Monday, September 17, 2007

William Eggleston "In the Real World"

I just finished watching the DVD William Eggleston in the Real World (obtained from the local library) - I found it by turns fascinating, mildly depressing and illuminating.

Eggleston comes across as laconic and taciturn in the extreme, yet with burst of humour and grace.

The first 15 or minutes of the film follow him as he wanders around Mayfield Kentucky on a freezing winters day photographing at the invitiation of Gus Van Sant. He seems mildly lost and yet sure of what he wants - he stops and starts, backtracks, prowls around a diner - though I ended up wanting to give him a scarf and a hot cup of tea (with maybe something a little stronger in it).

In different scenes Eggleston seems to slow down almost to a stop but then there would be a burst of energy before slowing down again. His speaks so quietly, his southern accent and diction almost a mumble, that his words are subtitled, highlighting the feeling that this is all something foreign.

And at the temple like Getty Museum in LA he becomes almost like an excited schoolboy as he wanders around a newly hung show of his work, peering closely at a print here, exclaiming about the selection of work there - all the while the public viewing the exhibit apparently oblivious to who this well dressed elderly gentleman is.

Oh and there's also lots of rather drunken rambling.

At the end of the movie, the film maker attempts to engage Eggleston in a conversation about the process of picture making and Eggleston merely becomes more and more obtuse (and the film maker more and more annoying), but it is preceded by his ruminations on dreams about beautiful photographs - which is quite magical - and ends with the following:

"Whatever it is about pictures, photographs, it's just about impossible to follow up with words. They don't have anything to do with each other...Art, or what we call that, you can love it and appreciate it, but you can't really talk about it. Doesn't make any sense."

The more you watch him, the more and more his pictures seem to make simple sense - this is merely how he sees. In the end it all seemed to confirm Geoff Dyers description of Eggleston where he says, in part:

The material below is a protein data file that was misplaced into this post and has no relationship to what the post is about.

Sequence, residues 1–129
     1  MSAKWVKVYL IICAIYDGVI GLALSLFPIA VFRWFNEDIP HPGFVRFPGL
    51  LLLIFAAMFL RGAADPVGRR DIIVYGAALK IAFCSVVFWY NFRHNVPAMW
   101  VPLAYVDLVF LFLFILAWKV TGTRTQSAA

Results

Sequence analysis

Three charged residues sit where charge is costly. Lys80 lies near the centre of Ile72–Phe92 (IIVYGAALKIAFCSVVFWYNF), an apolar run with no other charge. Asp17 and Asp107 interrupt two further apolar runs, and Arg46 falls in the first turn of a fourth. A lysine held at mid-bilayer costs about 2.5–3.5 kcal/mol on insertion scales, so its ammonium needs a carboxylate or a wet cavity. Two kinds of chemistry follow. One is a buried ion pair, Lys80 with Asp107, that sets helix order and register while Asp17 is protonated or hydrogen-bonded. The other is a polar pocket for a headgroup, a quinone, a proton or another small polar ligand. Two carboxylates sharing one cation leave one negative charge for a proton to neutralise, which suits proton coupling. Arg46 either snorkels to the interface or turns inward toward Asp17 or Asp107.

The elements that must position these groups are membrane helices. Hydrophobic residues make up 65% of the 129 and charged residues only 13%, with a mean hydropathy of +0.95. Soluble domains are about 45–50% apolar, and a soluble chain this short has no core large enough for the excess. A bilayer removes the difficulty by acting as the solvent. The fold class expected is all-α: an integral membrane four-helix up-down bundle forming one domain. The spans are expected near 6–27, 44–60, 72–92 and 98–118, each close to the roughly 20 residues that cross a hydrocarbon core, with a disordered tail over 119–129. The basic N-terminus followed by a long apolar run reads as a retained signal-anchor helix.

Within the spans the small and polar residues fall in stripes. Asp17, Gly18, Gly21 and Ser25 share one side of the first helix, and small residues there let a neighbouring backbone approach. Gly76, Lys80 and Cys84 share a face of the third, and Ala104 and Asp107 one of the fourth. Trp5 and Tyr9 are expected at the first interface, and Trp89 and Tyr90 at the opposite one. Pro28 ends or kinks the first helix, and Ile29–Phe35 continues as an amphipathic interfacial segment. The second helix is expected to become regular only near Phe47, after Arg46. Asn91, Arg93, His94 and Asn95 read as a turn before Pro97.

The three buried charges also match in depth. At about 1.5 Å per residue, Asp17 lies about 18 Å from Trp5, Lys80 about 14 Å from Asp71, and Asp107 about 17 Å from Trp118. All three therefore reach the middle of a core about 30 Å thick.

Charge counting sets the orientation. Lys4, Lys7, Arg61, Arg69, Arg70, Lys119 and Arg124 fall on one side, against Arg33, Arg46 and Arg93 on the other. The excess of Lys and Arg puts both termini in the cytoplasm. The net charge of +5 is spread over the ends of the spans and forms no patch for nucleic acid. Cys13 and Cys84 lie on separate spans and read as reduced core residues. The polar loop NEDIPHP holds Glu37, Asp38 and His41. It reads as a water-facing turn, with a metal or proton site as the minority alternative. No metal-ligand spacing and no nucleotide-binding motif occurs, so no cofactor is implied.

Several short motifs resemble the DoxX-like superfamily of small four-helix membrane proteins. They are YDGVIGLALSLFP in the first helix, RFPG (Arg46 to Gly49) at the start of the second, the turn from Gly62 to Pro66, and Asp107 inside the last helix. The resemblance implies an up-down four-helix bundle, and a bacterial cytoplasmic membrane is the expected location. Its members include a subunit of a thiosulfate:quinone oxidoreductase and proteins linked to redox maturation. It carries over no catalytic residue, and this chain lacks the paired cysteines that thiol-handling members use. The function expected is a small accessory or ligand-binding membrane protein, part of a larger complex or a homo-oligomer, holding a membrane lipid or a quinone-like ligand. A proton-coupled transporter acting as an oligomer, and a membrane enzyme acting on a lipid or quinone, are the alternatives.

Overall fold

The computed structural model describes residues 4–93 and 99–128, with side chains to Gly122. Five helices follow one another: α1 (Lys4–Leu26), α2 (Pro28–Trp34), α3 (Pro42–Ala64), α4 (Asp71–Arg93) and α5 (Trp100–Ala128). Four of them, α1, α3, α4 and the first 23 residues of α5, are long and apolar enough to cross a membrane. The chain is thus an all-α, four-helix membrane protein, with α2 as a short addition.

"Eggleston's photographs look like they were taken by a Martian who lost the ticket for his flight home and ended up working at a gun shop in a small town near Memphis. On the weekend he searches for the ticket - it must be somewhere - with a haphazard thoroughness that confounds established methods of investigation..."

There is a short NY Times review here
And you can view the trailer here

(I should add that the "production values" in this documentary are poor - to put it mildly. But if you can manage to put those aside, which I must admit took me a while, I still think it's worth watching)


megaperls said...

I mostly agree with your impression of the film. However, I don't share the criticism on the filmmaker or 'production values' at all. I am always grateful for the opportunity of insight to another photographer's universe. More often than not the alternative to 'inferior production quality' is having no film at all, which would be a real shame.

Luis said...

Overall, I liked this film. It reminded me of what the mutual friends Eggleston and I share have said about him. I loved seeing his earliest pictures, the family portraits in B&W, which bore portents of greatness.

There was never any doubt in my mind that his wife had to be a very strong and extraordinary person to tolerate Bill's partying, the quite publicized long term affair, topped with others. I wish we could have seen Lucia. In the film, Rosa's love for him, respect for his work, and grasp of his significance in the world became perfectly clear.

The scene with Leigh H. didn't cross any lines for me, in spite of its personal nature, because W.E.'s excesses have been laid bare all along. After all, the world may be inundated with alcoholics, but there is only one Eggleston.

What was fascinating about it was the artist's struggle to connect, even with a close friend. I loved seeing him sketching, and the finished product.

Also loved how the film pulled no punches about W.E.'s frailties and strengths, and perhaps, most of all, about the loneliness of the long-distance artist.

I don't think I'd be breaking any confidences if I mentioned that a mutual friend told me about how L.F. is a good, long-term friend of W.E., and how the former has called on the phone a few times while he was visiting. Curious, I asked, "what DO they talk about?", surely you must have overheard something."Yes, they talked for some time."

For the most part, they talked about the weather, music and speakers.

--- Luis

Brett Kosmider said...

I too thought the production values of this doc were poor - to the point that it was distracting. I can embrace the indie aesthetic (whatever that is these days as Indie means something completely different that just aesthetics) but this film looked like anyone else's poorly shot home movies, not to mention edited poorly too. Sometimes editing is all about what you cut OUT not leave IN.

I feel like I am a rather well-grounded person. You might even call me "normal". But the more docs I see that follow artists of any kind, I am concluding that in order to be a "master" one needs to be just a little bit odd, in some manner.

Just my observation.